by Josie Kafka
“Love is a battlefield.”
Here’s a couple of things you might need to know, or maybe just forgot: Chuck originally got at 13-episode order, and it wasn’t extended to 19 until all 13 of those episodes were in some stage of production. So tonight’s episode was originally the lead up to the Season Three finale, and next week’s was the original Season Three finale. The remaining six episodes (numbers 14-19) will be more like Season Three and a Half. There’s more info, with some minor spoilers, here.
This was really an episode in two parts: the first, the wacky buddy comedy; the second, the more serious layout of the threads that will be tied up and snipped away next week. The first half—Casey, Awesome, Morgan, and Chuck teaming up to get the girl, for a variety of self-interested motives—was almost hilarious, but seemed to be trying a bit to hard. Not least among the jokes was the way that very little effort was made to explain, for instance, Casey’s presence in Chuck’s apartment, or Morgan’s sudden desire to go to Rome, or how Ellie just got a sabbatical from her brand-new fellowship. Who needs reasons, when you’ve got a bromantic comedy to play with?
The humor of our boys playing heroes was undeniable, but the gravitas of the situations came crashing in at the moment when Shaw told Awesome about the gun. The Ring is hardcore—we saw them kill a harmless functionary, so we know they’re serious. Our second clue? The presence of Mark Sheppard. I know someone, somewhere, in our comments section mentioned this as a requirement for all genre shows (Mark Greig, was it you?). Chuck’s playing with the big boys now: Cylons and River Tam and the Winchester boys, to be specific.
After that, a lot of stuff happened, most of which is designed to lead up to next week’s episode. Shaw offers to sacrifice himself to be an American Hero (well, really to avenge his wife’s death: another instance of love trumping patriotism, which every character on this show seems to go through). Jeffster unwittingly saves the day. Chuck rides a soda machine into an underworld lair. Shaw finds out that Sarah killed his wife during her own Red Test, which we saw glimpses of last week. Chuck saves Shaw, who then tricks Sarah into coming with him to the desert, where only bad things can happen. Somewhere in there, Chuck and Sarah make plans to leave it all behind at Union Station, in a moment of poetic resonance with the train-station misadventure in Prague at the beginning of the season. And Chuck did a pretty decent job of acting like a real spy, even if he was forced to resort to some Jeffster-outsourcing. Being a good leader is all about delegation, though.
It’s hard to rate, or even assess, most of this stuff, because there’s no closure until next week. A few of the plots feel recycled: not just the Bubble of Handsomeness joke, or the underpass scene, or the "we can't show you a preview for next week" teaser, but the air-strike (remember Barstow, last year?), needing to save a team member in peril, Chuck and Sarah reaching a climatic moment but then being torn apart.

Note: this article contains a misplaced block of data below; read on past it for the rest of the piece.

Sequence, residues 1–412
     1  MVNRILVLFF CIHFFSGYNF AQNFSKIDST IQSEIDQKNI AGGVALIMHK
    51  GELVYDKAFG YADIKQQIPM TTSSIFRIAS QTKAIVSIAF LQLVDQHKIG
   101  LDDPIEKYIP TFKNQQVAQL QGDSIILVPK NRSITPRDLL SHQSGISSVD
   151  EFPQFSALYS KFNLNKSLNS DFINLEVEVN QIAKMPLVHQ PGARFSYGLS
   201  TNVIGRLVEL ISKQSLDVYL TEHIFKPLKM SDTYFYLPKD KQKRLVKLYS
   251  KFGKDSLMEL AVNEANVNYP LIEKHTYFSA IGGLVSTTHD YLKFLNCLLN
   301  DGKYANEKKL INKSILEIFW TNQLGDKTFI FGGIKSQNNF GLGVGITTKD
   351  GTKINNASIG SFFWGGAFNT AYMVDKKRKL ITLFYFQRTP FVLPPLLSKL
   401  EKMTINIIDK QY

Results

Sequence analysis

As this mini-season winds to a close, we’ve got a few questions: Will Casey be a spy again? Will Chuck and Sarah make it? Was Sarah set up by the Ring for her Red Test, or was Shaw's wife really a bad spy? Will Shaw die, or just be written out? Will Ellie and Awesome ever make it out of Burbank? Will Chuck quit his job at the BuyMore now that he’s a real spy? What does he want of the spy life, anyway?
• Chuck: “Burbank. Bob Hope Airport, to be exact.” This is even funnier if you’ve been to the Burbank airport, which is fabulously tiny and outdated. Some of the baggage claims are outside.
• Morgan: “I don’t think you’ll be able to buy her back, if that makes any sense.”
• Morgan: “Is that what they teach you in the Marine Corps? Roll over and die?”
• Jeff: “Guy knows how to fill out a pair of slacks, if you know what I mean.”
• Morgan: “That guy can fill out a pair of slacks. He’s a real stallion.”
• Morgan: “Take a look at yourself. It’s a freakish bubble of handsome-ness.” They stole this joke from the Jon Hamm episodes of 30 Rock, but it’s still funny.
• Casey: “Kid’s just not wired that way. Not like us.” They’ve been making quite a bit of Sarah’s killer instincts lately. Is it just to counterpoint Chuck’s own naiveté?
• I am not a fan of the return of the mini-dress, even on super-pretty women.
• Shaw and Awesome crashing through the window. They both wiped their lips, like they’d accidentally kissed. Slash fiction-writers, go wild!
• The soda-machine elevator. Very Get Smart, with more wind resistance.
• Mark Sheppard is so cool.
• That underpass reminded me of: The FlashForward premiere, a scene from The Italian Job (Marky Mark version), and something else. Can anyone help me?
• Casey told Sarah about Chuck’s Red test. Sweet Casey, you can be my spy any day.
• Chuck is willing to leave behind the spy life for Sarah. Quite a lot has changed since the season premiere, although I’m still not sure how.
• Shaw told Chuck to take care of Sarah. This lends a lot of credence to Dimitri’s theories about Sarah-as-trophy.
I don’t know how many Pat Benatars to give this episode, and I’m going to wait until next week to see what happens.
All of my Chuck reviews are archived here.
(Season Three, Episode Twelve)